I've always enjoyed and admired the minatory science fiction of John Wyndham, particularly The Day of the Triffids and The Midwich Cuckoos. But I never read The Kraken Wakes.
The Kraken is a mythical sea monster, a kind of giant squid, and I always assumed this is what Wyndham's book was about. Which is one reason I never got around to it. The giant squid notion just didn't appeal. But the title is misleading. It's basically a poetic parallel.
The Kraken Wakes is actually about aliens who send space craft into the deepest parts of the Earth's oceans, where their unseen activity eventually gives rise to lethal battle vehicles — "tanks" — which crawl onshore and begin to obliterate humanity.
But more than that, the aliens (dubbed "xenobaths") initiate a deadly climate war against the human race by melting the ice caps. Sea levels begin to rise, like global warming turned up to eleven.
I know all this only because of the superb Radio 4 adaptation of Wyndham's book, sharply scripted by the bestselling Scottish crime writer Val McDermid. This is a really wonderful piece of radio drama with outstanding music by Alan Edward Williams, played by the BBC Philharmonic live during the recording.
Williams's music deliberately evokes the great scary science fiction classics of the 1950s, such as Bernard Herrmann's The Day the Earth Stood Still, and it adds immeasurably to the impact of this production.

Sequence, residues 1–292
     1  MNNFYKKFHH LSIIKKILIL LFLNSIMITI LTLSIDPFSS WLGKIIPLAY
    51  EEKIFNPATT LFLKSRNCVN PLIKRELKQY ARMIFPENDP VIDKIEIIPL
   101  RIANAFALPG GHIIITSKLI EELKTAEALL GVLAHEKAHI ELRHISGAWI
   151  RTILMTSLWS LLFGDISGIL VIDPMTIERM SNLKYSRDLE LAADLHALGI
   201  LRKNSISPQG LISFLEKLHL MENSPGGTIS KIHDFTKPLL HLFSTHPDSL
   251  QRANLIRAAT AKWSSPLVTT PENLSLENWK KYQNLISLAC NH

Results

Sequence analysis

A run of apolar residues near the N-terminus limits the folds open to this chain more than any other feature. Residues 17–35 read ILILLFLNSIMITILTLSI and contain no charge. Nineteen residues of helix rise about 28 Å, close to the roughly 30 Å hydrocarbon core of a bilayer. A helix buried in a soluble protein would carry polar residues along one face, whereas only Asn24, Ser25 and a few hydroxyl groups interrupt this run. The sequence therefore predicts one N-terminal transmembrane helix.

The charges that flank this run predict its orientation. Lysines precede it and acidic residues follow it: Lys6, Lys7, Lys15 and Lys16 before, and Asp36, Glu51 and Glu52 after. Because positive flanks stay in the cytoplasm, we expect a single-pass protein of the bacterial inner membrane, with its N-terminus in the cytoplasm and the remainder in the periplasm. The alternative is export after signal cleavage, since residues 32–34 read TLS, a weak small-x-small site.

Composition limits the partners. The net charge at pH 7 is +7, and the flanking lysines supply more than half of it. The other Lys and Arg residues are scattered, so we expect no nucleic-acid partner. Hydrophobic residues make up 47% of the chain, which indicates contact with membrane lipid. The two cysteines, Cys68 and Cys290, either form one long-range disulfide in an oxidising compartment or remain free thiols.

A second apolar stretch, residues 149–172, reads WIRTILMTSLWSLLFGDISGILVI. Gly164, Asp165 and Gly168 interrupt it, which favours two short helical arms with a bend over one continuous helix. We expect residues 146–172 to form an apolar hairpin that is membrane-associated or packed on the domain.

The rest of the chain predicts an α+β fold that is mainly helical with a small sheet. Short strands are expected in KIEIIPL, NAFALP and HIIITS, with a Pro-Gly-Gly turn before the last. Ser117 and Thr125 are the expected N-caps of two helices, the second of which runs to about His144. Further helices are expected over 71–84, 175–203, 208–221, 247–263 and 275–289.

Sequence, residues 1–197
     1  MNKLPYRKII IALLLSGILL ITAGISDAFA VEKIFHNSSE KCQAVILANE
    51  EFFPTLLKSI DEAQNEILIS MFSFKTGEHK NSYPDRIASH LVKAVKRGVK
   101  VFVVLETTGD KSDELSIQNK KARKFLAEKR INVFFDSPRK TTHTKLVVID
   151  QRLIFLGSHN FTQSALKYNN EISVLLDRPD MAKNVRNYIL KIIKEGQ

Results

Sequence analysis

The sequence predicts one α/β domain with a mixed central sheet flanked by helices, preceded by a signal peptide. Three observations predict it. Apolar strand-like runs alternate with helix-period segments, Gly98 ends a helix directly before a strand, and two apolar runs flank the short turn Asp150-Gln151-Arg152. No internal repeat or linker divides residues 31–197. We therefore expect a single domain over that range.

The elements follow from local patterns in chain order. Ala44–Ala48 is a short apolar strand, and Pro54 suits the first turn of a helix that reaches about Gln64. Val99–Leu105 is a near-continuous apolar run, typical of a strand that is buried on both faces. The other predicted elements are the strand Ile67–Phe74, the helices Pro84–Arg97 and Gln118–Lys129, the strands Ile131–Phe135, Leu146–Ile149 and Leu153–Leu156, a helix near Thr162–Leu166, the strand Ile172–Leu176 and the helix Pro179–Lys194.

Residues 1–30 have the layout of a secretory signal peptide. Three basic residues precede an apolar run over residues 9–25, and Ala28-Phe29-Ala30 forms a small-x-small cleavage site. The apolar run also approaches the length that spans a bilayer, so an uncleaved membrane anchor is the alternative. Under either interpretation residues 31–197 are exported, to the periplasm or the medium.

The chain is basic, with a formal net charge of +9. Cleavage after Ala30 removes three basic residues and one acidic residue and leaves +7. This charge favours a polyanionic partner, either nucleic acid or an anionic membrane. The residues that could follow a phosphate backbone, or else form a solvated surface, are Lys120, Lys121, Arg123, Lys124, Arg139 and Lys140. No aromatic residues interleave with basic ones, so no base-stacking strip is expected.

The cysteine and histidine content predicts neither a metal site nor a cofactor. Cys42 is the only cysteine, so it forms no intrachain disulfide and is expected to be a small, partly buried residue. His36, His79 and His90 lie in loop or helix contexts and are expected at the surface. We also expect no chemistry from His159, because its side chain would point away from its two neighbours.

This is a genuinely frightening portrait of what happens to the human race when the seas rise. I had no idea, for instance, that we would lose almost all of the land we need for growing crops. Or that rising sea water would ignite dormant volcanoes which would shroud the planet in a deadly ash cloud.
Chilling, thought provoking, wonderful stuff. Listen while you can — I'm not talking about doomsday here — the BBC radio production is only available for a week! After that, like me, you will need to check out Wyndham's original novel.
(Image credits: The somewhat misleading image of the attacked ocean liner is from the Radio 4 Twitter feed. The more accurate depiction is from Skull in the Stars. The main illustration is from another Twitter link. The cover with the alternate title is from a very useful post by Gotterdammerung, which shows I was not alone in being confused by the Kraken title. )